As you have probably guessed by now, this is not fiction, but rather the true life story of Zora Neale Hurston. Though born in Notasulga, Alabama on January 7, 1891, her family soon moved to Eatonville, Florida, the first incorporated black town in the Unites States. This was a unique setting for Hurston to grow up in because all of the town’s residents were black. Blacks ran the businesses, blacks (including her father) were the mayors, and black people built everything. When Hurston was thirteen her mother died, and her father, a minister, married a much younger woman. Hurston did not get along with her stepmother, and after a few years left home with a traveling Gilbert and Sullivan company. At age 26 she turned up in Baltimore and lopped ten years off her age so she could finish high school. She later attended Howard University and earned an anthropology degree from Barnard College. She became a major member of the Harlem Renaissance hobnobbing with writers such as Langston Hughes and Wallace Thurman. She wrote her best known novel, Their Eyes Were Watching God, in 1937, and an autobiography, Dust Tracks on a Road, in 1942. She also married twice, but both marriages failed after a short time.
Tragically, Hurston’s life deteriorated after a while, and she ended up taking jobs as a substitute teacher and a maid in Fort Pierce, Florida. By then her books were out of print, and she was unknown to most people, so no one took notice when she had a stroke and died on January 28, 1960. Hurston, a pauper, was buried in an unmarked grave there in Fort Pierce.
A young black writer named Alice Walker had been influenced by Hurston’s writings, and in 1973 she went to Florida in search of Hurston’s grave. In the Garden of Heavenly Rest – an overgrown, ill-kept, segregated cemetery in Fort Pierce – Walker waded through the high grass, and found a rectangular area where the ground had sunk. She decided that that was the spot where Hurston was buried, and there she put Hurston’s grave marker.
In 1975 Walker wrote a story for Ms magazine entitled “In Search of Zora Neale Hurston.” That single article renewed the public’s interest in Hurston and her works, and returned many of them to print. Additionally, there is now an annual Zora Neale Hurston Festival of the Arts & Humanities in Eatonville, Florida. You can find information about it here.
Like all black people of that time she endured discrimination, but she had an admirable way of dealing with it. “Sometimes, I feel discriminated against,” she said, “but it does not make me angry. It merely astonishes me. How can any deny themselves the pleasure of my company? It’s beyond me.”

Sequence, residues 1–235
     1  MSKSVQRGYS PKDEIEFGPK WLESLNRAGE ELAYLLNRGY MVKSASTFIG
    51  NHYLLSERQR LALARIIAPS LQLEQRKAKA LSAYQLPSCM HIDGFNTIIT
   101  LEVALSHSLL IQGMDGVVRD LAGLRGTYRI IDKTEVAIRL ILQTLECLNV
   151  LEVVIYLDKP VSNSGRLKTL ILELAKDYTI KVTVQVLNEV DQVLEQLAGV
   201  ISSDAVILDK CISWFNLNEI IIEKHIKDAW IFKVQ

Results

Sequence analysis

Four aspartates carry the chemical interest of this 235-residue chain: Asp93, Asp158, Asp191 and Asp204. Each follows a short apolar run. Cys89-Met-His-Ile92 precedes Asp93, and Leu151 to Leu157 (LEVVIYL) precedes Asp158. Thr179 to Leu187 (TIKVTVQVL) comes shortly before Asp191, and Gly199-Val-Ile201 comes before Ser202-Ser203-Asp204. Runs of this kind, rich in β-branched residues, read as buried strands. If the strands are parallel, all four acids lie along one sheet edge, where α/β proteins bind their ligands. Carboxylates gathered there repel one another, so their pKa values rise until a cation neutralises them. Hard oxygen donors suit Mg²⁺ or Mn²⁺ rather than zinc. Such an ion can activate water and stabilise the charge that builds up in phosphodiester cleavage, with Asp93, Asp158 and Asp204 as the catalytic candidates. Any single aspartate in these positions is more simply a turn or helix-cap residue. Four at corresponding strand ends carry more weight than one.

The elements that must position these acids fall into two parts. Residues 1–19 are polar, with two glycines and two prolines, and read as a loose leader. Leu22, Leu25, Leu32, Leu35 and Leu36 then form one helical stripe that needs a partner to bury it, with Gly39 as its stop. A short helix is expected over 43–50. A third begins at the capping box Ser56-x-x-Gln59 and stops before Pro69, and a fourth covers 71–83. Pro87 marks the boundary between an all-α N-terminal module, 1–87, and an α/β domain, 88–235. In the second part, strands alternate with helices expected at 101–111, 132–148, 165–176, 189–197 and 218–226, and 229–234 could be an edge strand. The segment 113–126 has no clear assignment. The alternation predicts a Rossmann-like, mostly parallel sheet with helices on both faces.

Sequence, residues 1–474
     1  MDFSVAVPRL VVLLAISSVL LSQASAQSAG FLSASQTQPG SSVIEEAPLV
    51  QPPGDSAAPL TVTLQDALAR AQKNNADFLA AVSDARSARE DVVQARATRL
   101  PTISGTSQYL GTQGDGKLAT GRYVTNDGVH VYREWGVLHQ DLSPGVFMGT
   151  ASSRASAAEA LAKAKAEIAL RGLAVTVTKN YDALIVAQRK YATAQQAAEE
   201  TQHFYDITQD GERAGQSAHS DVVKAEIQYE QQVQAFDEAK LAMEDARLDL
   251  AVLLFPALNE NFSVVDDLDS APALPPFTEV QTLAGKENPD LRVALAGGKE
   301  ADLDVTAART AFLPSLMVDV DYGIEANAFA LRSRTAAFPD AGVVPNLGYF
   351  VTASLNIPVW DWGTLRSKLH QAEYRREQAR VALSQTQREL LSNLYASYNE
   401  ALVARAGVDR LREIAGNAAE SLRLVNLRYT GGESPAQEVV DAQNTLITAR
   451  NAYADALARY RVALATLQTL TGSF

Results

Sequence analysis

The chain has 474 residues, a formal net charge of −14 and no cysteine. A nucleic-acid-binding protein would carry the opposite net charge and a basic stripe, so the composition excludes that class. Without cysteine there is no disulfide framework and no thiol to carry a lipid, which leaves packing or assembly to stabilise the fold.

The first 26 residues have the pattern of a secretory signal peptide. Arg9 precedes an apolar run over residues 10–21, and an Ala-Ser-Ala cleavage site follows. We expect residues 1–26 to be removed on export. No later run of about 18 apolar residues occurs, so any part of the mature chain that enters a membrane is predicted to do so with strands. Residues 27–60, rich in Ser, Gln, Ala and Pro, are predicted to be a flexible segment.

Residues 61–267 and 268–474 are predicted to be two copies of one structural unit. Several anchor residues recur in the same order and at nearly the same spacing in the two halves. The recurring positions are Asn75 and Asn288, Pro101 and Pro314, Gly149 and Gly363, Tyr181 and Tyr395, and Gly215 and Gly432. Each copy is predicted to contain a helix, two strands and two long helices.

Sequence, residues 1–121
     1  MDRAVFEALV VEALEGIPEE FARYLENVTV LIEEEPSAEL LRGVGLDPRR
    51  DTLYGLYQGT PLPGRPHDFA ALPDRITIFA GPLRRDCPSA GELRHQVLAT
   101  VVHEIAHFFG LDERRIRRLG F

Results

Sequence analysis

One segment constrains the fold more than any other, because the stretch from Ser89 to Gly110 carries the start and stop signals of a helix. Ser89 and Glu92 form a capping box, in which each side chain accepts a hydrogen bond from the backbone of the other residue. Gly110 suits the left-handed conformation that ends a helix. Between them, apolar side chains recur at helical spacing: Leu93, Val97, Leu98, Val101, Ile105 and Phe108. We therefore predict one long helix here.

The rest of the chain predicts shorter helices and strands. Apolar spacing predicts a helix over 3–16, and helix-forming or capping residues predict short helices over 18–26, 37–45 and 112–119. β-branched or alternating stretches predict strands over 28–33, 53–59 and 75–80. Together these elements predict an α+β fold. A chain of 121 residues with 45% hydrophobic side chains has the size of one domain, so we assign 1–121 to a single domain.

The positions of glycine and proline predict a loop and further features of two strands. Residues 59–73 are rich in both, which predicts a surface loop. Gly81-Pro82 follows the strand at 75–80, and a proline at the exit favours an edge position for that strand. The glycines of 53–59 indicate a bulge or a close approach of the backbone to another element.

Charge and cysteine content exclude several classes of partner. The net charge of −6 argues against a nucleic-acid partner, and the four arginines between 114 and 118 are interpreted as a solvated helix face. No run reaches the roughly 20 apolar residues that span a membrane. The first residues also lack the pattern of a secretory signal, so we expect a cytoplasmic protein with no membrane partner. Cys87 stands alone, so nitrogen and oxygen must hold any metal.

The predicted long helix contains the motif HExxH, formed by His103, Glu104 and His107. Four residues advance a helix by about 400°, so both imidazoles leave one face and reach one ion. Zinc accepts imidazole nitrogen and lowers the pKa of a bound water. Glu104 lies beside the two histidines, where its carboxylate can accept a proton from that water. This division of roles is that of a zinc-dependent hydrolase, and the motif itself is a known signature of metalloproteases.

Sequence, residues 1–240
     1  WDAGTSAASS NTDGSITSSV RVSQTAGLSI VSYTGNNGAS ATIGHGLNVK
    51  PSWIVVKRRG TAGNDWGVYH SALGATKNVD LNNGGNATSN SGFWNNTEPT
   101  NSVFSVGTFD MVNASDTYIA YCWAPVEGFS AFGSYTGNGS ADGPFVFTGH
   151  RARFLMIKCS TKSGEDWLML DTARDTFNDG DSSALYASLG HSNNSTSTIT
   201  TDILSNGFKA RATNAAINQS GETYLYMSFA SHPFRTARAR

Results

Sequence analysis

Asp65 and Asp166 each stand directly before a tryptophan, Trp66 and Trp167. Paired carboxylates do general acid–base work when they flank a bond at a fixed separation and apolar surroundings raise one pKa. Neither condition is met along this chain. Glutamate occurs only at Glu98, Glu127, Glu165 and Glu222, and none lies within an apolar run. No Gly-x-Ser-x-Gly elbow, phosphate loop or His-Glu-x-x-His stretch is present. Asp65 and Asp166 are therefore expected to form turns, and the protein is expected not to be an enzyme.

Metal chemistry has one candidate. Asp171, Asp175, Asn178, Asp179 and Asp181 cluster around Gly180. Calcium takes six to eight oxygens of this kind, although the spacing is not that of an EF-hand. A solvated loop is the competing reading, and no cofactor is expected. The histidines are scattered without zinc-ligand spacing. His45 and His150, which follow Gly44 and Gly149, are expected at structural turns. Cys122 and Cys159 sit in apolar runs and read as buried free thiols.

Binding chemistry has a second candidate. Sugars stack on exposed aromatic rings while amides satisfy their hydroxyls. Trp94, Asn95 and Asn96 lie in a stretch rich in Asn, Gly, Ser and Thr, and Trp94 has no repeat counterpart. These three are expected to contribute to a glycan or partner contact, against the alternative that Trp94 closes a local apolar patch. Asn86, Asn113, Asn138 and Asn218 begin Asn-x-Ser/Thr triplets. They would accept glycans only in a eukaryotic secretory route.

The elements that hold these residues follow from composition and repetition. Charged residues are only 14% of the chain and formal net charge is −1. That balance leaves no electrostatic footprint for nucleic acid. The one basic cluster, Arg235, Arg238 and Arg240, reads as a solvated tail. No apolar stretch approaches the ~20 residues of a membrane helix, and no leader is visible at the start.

In 2005 Hurston’s most popular novel, Their Eyes Were Watching God, was made into a movie for television. Halle Berry who played Janie, Michael Ealy, who played Tea Cake, and the rest of the cast members made it a movie worth searching for if you haven’t seen it. The story is riveting.
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Sol Steinmetz, who died in 2010, wrote some fascinating books about words. His last book, There’s a Word for It, is about words and phrases (some new, some from other languages) that came into our vocabulary between 1900 and 2009. Not only does he give us new words for each year in between, but he gives us a brief history of each decade, and a snapshot of what each decade will be remembered for. For example the chapter on the decade from 1920 to 1929 is titled “The Roaring Twenties.” The decade from 1940 to 1949 is titled “World War II and Postwar.” Here, picked at random, are some of the interesting words he catalogued:
- 1900: egocentric, escalator, hillbilly, motorcyclist, nonstop, ping-pong, radiology, side-step
- 1910: age-old, brain trust, chain store, keystroke, moron, Oedipus complex, pipsqueak, post-impressionism
- 1916: ambivalent, dagnab it, dysfunction, economy size, low-maintenance, one-nighter, photofinishing
- 1925: bail out, chewy, compartmentalize, motel, quiche, superstar, Tootsie Roll, Wheaties, zipper
- 1930: bass-ackwards, crooner, drive-in, freeway, gangbuster, Nazi, pistol-whip, PJs (= pajamas), whodunit
- 1939: Blitzkrieg, burger, counterspy, Disneyesque, moolah, name-dropper, pollster, self-image, soap opera
- 1945: atomic bomb, bebop, cold war, Kilroy, mobile phone, must-read (n.), pit bull terrier, retiree, sweet talk
- 1955: boogie, decaf, inner child, non-leaded, pinball, Sabin vaccine, sci-fi, weirdo, wire-tap (n.), zinger
- 1966: acid (LSD), barf, headcase, hippie, multitasking, personal computing, spacewalk, wheelie, zilch
- 1975: air-kiss, craftspeople, downsize, McDonaldization, mood ring, multiculturalism, rope-a-dope, salsa
- 1990: applet, cringeworthy, gangsta rap, malware, shout-out, smackdown, World Wide Web
Many words started out as nouns, and became verbs as well within a few years. The noun “telecast,” which was coined in 1937, for instance, became the verb “telecast” in 1940. Then words like “telecaster” and “telecasting” were coined.
Being a Harry Potter fan, I was surprised to see the word “muggle” listed as one of the new words of 1926. But, whereas author J. K. Rowling used it to designate non-wizards (ordinary people), the word “muggle” was used in 1926 as a slang word for “marijuana cigarette.”